How to Give a QS Ignite+ Talk

Thank you for sharing your knowledge at the upcoming Quantified Self meetup or conference. At QS we typically encourage our speakers to use a modified Ignite format we call Ignite+. Below are some details that you will want to know about as you plan your talk.


All of the Quantified Self talks are delivered by people like yourself. We are an enthusiastic group of experimenters, tool makers and learners. Our main method for knowledge dissemination is the Show & Tell talks at the meetups. However, because there is so much information to share and such a great group of attendees, we changed the format of the typical Show & Tell talk to an “Ignite” style, with time for a few questions at the end. The format is great, audiences really love it, and there is more time to say what you need to say than you might think at first. Still, the format can be a bit challenging, so please read the rest of this message for some logistics and resources.


A typical Ignite talk has a set time and slide limit. The QS-Ignite format is a 7-minute, 30-second talk (7:30) with 30 slides that automatically advance at a pace of 15 seconds per slide. Don’t worry, it is a really fun format and there are a lot of techniques, tips and tools to help (covered below).


This is the length of 3 full Gettysburg addresses. Yes, you read that correctly. But you have to decide what your main point is. Also, it helps to remember that the QS meetups are mainly about peers coming together to meet each other, discovering shared interests, and producing new knowledge and connections. One of the things you are doing with your talk is signaling what you care about and what you are working on. There will be many details about your projects that are left out. But people will come find you, ask you questions, and your talk will spark many valuable conversations.


Your talk is limited to 30 slides. However, you do not need to have 30 slides. You can have one slide that just repeats 30 times even if it’s just your name or pictures of cute kittens. Feel free to be creative and hack this format any way you want. Just remember that we will be auto-advancing your slides every 15 seconds. Although it seems tough at first, it is a great structure, and produces great talks.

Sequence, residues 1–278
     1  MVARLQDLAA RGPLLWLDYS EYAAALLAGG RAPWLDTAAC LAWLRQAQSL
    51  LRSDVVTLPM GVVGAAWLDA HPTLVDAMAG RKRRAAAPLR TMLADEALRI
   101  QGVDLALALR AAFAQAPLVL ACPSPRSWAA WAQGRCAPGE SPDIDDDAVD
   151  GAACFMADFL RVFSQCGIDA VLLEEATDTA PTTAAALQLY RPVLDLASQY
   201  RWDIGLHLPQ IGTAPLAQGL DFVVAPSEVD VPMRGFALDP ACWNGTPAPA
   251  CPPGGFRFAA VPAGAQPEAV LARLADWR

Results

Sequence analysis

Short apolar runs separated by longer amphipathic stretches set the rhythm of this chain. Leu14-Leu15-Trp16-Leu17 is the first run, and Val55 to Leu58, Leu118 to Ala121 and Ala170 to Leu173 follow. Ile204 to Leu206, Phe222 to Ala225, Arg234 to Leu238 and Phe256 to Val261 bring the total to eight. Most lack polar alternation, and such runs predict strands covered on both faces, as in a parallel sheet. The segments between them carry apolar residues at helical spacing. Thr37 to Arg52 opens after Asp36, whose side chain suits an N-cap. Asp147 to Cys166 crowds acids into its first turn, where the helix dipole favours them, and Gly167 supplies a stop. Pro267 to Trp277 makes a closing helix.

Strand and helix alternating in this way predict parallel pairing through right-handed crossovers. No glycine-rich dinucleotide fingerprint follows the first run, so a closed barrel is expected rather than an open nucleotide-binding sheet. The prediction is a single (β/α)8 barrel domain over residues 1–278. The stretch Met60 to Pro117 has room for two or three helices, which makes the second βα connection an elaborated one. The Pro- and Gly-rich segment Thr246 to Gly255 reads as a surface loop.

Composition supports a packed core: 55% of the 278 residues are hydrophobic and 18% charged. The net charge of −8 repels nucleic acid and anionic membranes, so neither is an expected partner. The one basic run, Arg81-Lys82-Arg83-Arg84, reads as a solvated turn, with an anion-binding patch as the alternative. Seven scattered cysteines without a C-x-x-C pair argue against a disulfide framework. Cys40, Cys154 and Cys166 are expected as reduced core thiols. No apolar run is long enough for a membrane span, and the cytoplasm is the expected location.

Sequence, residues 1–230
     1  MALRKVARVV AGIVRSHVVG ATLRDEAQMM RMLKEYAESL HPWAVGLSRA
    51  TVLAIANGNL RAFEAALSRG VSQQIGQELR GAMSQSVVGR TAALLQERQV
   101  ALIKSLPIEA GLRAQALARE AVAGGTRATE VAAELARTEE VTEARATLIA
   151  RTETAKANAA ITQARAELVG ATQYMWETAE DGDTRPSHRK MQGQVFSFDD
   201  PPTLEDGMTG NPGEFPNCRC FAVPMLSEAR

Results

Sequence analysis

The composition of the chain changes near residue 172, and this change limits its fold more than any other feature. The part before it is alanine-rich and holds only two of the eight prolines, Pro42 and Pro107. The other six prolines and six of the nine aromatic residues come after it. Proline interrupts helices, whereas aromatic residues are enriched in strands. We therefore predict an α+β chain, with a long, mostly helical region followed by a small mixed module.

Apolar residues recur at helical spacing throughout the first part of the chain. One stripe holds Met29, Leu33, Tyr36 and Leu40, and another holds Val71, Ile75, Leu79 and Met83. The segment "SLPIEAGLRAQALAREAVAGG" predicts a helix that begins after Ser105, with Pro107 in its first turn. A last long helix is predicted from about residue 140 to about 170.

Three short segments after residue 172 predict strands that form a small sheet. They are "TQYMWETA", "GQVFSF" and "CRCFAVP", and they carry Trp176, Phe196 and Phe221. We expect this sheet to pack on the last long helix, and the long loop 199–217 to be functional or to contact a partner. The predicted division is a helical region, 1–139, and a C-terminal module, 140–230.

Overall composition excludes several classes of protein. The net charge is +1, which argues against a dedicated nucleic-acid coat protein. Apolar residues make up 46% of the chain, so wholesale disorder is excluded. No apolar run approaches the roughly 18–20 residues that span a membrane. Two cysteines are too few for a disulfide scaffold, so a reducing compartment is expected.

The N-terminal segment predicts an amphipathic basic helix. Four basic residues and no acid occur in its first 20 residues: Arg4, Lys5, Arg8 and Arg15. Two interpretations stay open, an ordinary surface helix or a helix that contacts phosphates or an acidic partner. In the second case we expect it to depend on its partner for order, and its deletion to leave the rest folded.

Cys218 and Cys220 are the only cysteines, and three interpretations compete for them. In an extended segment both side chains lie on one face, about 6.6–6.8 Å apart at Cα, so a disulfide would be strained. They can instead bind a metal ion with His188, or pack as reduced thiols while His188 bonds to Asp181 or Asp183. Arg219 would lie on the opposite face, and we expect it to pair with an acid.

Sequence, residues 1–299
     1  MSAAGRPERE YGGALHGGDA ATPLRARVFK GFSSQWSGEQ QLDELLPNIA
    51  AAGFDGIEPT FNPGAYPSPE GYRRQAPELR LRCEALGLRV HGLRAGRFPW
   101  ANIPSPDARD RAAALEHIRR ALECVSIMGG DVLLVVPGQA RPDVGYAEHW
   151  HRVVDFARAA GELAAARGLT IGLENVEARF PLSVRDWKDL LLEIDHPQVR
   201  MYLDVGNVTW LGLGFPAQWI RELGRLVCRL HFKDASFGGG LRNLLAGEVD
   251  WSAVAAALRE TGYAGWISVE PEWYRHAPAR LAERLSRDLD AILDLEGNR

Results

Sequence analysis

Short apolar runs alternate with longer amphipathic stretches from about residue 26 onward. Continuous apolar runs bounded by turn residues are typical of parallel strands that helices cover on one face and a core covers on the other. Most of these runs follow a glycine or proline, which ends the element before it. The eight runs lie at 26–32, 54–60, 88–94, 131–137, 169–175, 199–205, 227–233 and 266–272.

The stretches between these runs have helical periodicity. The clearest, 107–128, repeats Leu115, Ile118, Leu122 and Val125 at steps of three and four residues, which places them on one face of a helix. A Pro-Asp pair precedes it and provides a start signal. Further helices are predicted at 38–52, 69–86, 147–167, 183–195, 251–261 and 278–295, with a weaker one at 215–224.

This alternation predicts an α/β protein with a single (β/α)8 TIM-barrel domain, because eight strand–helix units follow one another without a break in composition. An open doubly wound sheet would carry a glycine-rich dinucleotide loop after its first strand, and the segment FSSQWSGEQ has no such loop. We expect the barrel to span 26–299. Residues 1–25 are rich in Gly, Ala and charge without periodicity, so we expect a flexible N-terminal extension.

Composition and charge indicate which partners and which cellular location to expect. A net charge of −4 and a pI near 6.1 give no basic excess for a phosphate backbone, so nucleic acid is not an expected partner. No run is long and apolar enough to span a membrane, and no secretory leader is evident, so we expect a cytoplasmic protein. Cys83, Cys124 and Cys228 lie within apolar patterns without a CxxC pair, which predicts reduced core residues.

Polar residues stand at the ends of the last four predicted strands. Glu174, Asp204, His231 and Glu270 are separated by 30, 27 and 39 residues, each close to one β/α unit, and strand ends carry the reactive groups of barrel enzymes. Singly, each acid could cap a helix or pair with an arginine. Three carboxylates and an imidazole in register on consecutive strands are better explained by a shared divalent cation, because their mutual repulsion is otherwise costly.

Tip 1: Watch other Ignite talks. This is probably the most important, and most overlooked thing that every Ignite speaker should do. There are numerous examples of great Ignite talks scattered around the web. We’ve included a few links here but be sure to check out for more examples.

How to give a good Ignite Talk – Scott Berkun:

How to defeat biometrics: 

Tip 3: Practice your talk. You can practice your talk 8 times in an hour. (That should be plenty of practice!) Seriously, don’t walk up to the stage without having read your talk to somebody beforehand. Also, remember that your slides will be auto-advancing every 15 seconds. Take this into account when you’re practicing.Tip 2: Write it out first. Make a 30-point list and write out exactly what you want to say, or at the very least an brief outline of what you want to say. This helps you think about what you’re going to talk about, but it also provides a great basis for developing your slides.

Tip 4: GO SLOW! Don’t think you have to speak fast. It is not a race. Edit your talk rather than speed up your delivery. Feel free to add a “take a breath” slide to the middle of your deck.

Tip 5: Keep it simple. Remember, you are talking to your peers. You don’t need to be fancy or theatrical. We want to know who you are and what you are working on. Just tell us, and we will love your talk.

Tip 6: The three questions. Here is a template to structure your talk. You can do your talk any way you like, but if you are stuck or want help, remember that this template always works: What did you do; How did you do it; What did you learn. The most important part of this template is: What did you learn? Make sure this takes up at least 90 seconds of your talk.

Tip 7: More pictures, less text. The fast pace of the Ignite talks limits the audience’s ability to read large amounts of text and long bulleted lists. Try to use your slides in way that they reinforce what you are speaking about instead of just repeating the exact words.

Tip 8: Share your information. Put your contact information on at least one slide (usually the last). We are all about fostering connections and the more ways people can get a hold of you the better.


Ernesto Ramirez has agreed to help if you would like to practice your talk. If you would like to run through your talk in advance (a good idea; remember, practice!) please just email Ernesto. You can send him your slides and set up a time to give your talk via Skype.


That’s fine too. We want to hear from you, and we are grateful that you are sharing your knowledge.


If you have questions just let us know in the comments or shoot us an email!

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